For example, it SHOULD say login.keyring and user.keystore, with no spaces within the filename.

    If that is correct, I want you to go to the next step. We are going to rename the entire ~/.local/share/keyrings directory. Please read this post completely, and choose either option A or B.

    Option A:
    ***Now, m'man, you must be very very careful here. You cannot make any space or syntax mistakes this time, or it won't work. This is why I really want you to copy and paste the commands I give you. Then I can only blame myself :)***

    To do this, you will use the command 'mv', like this. Open a new terminal and type:

    Code:
    mv ~/.local/share/keyrings ~/.local/share/keyrings-OLD
    There should not be any output at all. Just a new filesystem prompt. If there is output, post it here.


    Option B:
    The other option is to rename it from your file manager. Open nemo, and navigate to /home/youruser/.local/share/, and then look in the right hand pane for 'keyrings'

    Then, right click on 'keyrings' and rename it to the above filename, the same way you'd do in a windows file manager.

    When you are done renaming the directory:
    Code:
    cd /home
    cd myusername
    cd .local
    cd share
    ls -la
    OR

    Code:
    ls -la ~/.local/share          [no spaces after the tilde]
    If you did it correctly, you will see that the 'keyrings' directory is now 'keyrings-OLD'

    Report when you're done, and we'll continue.
    Last edited: Mar 23, 2016
  18. Daniel~

    Daniel~ Chief BBS Administrator Staff Member

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    George!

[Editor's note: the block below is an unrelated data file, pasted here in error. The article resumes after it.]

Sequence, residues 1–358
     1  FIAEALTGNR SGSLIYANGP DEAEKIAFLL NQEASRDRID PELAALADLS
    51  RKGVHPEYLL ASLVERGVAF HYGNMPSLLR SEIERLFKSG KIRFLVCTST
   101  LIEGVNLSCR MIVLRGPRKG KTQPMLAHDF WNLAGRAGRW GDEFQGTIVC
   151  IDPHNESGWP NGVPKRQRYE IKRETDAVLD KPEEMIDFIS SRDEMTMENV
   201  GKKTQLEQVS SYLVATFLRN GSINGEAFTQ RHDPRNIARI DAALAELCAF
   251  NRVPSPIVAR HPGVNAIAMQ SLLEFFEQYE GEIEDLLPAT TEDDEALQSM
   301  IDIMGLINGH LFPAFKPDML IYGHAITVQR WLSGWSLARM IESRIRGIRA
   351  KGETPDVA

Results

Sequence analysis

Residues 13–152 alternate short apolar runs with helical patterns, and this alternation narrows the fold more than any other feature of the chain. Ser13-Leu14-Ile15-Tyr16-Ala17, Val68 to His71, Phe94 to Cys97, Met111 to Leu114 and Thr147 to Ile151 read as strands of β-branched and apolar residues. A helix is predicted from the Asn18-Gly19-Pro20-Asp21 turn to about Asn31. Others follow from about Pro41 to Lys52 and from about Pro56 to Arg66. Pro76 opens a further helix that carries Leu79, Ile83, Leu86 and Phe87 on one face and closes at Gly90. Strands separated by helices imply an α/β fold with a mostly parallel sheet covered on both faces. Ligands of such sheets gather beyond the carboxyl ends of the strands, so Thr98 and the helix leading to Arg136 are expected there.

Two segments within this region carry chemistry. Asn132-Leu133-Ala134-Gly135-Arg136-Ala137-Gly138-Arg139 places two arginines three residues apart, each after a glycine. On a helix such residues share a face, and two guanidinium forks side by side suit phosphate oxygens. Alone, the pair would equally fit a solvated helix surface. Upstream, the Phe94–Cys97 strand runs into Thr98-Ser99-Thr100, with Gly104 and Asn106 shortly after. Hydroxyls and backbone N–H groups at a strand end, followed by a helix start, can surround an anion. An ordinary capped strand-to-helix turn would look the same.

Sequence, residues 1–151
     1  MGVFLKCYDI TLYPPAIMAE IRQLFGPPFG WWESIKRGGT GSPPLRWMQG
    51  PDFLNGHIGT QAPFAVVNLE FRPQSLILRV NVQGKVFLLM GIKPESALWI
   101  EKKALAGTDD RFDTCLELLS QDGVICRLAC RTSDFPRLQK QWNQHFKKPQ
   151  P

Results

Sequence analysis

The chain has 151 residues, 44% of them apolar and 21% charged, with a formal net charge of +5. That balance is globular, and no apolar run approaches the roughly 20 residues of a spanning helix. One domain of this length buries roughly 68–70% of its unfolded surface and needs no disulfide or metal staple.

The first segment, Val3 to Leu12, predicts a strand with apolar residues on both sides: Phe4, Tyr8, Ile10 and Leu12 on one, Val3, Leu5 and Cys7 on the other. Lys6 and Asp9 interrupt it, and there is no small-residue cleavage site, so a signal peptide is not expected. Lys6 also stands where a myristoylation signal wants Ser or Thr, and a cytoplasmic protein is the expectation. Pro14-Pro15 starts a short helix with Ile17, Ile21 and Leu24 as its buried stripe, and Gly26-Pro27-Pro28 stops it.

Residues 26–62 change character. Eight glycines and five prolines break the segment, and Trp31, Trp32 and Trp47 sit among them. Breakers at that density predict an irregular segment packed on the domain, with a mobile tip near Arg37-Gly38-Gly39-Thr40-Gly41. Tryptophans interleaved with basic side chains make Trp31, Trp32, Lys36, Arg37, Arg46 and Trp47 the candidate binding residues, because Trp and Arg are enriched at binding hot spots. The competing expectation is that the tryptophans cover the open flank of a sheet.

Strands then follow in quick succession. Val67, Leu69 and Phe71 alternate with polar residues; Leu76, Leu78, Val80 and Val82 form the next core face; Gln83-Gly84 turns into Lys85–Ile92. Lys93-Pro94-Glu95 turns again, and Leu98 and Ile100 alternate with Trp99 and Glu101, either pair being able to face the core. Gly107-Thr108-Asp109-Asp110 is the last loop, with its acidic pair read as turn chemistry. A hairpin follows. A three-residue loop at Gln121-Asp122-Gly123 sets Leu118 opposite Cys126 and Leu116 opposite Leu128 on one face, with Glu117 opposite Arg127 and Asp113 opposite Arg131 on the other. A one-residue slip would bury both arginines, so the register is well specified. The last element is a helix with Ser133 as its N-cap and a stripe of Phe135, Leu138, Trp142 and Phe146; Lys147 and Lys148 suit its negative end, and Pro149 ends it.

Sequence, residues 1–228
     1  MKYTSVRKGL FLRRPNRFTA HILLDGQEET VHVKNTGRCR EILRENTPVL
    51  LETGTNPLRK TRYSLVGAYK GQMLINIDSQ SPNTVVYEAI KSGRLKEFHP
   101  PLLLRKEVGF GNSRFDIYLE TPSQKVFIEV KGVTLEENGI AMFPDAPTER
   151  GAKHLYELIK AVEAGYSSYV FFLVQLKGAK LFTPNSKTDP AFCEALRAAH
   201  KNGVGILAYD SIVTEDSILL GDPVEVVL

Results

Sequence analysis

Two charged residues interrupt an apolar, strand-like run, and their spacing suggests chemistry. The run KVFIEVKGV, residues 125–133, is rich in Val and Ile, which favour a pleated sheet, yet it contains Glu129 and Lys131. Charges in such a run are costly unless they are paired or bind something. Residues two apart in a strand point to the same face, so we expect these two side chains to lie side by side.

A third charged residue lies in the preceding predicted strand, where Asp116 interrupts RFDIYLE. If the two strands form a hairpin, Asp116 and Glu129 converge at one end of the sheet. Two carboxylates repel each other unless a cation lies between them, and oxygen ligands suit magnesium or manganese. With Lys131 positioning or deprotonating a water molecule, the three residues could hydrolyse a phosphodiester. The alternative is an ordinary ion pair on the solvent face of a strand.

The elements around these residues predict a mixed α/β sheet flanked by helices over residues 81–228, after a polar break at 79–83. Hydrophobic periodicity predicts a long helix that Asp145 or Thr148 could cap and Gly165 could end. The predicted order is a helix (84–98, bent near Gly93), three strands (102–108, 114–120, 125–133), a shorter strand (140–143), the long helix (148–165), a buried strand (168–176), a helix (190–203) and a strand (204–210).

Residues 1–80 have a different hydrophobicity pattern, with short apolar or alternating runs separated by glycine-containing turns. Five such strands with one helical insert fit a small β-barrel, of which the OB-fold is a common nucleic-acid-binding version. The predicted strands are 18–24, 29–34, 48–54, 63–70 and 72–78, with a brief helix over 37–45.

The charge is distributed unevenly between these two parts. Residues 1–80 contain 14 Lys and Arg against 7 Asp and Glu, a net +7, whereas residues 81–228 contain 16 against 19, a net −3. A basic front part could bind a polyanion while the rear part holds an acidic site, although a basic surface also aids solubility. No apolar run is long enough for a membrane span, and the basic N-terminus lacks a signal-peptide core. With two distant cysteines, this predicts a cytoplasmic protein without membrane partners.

Why are you typing anything!!??
    Typing is the great evil of "Terminal"!
    It allows countless almost imperceptible errors to creep in and gobble up your endeavors! besides its so slow and boring!
    (at lest when your dyslexic! ":O}
    Cut 'N Paste George! Cut and paste!

    Works from keyboard and from mouse... underline and right click copy, then paste wherever good code needs replicating.
    It's like this Georgie,.. ya mind if I calls ya Georgie for the purpose of this example"?
    I was sure ya wouldn't. Good Man!
    So anyways like I was saying before ya interrupted me with the name..
    thing...
    It's like this,...
    I'm Tried of having to call ya Georgie, let's just leave names out of this and see how that goes.
    it's like this you may be 1000 percent sure you've done everything right, but our seniors have no way of knowing that...and they are the one who most need to know what code is actually being input as apposed to what what code your 1000 percent sure you got right.

    These guys will work with pretty much any nonsense we bring them to untangle, but it REALLY helps them to be as sure of your moves as you might be.":O}
  19. ThunderRd

    ThunderRd Irreverent Query Chairman Staff Member

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    Will check in 10 pm EDT, need ZZs now
    Last edited: Mar 24, 2016
  20. cloasters

    cloasters Well-Known Member

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    Hope you sleep well and thank you very much ThunderRd!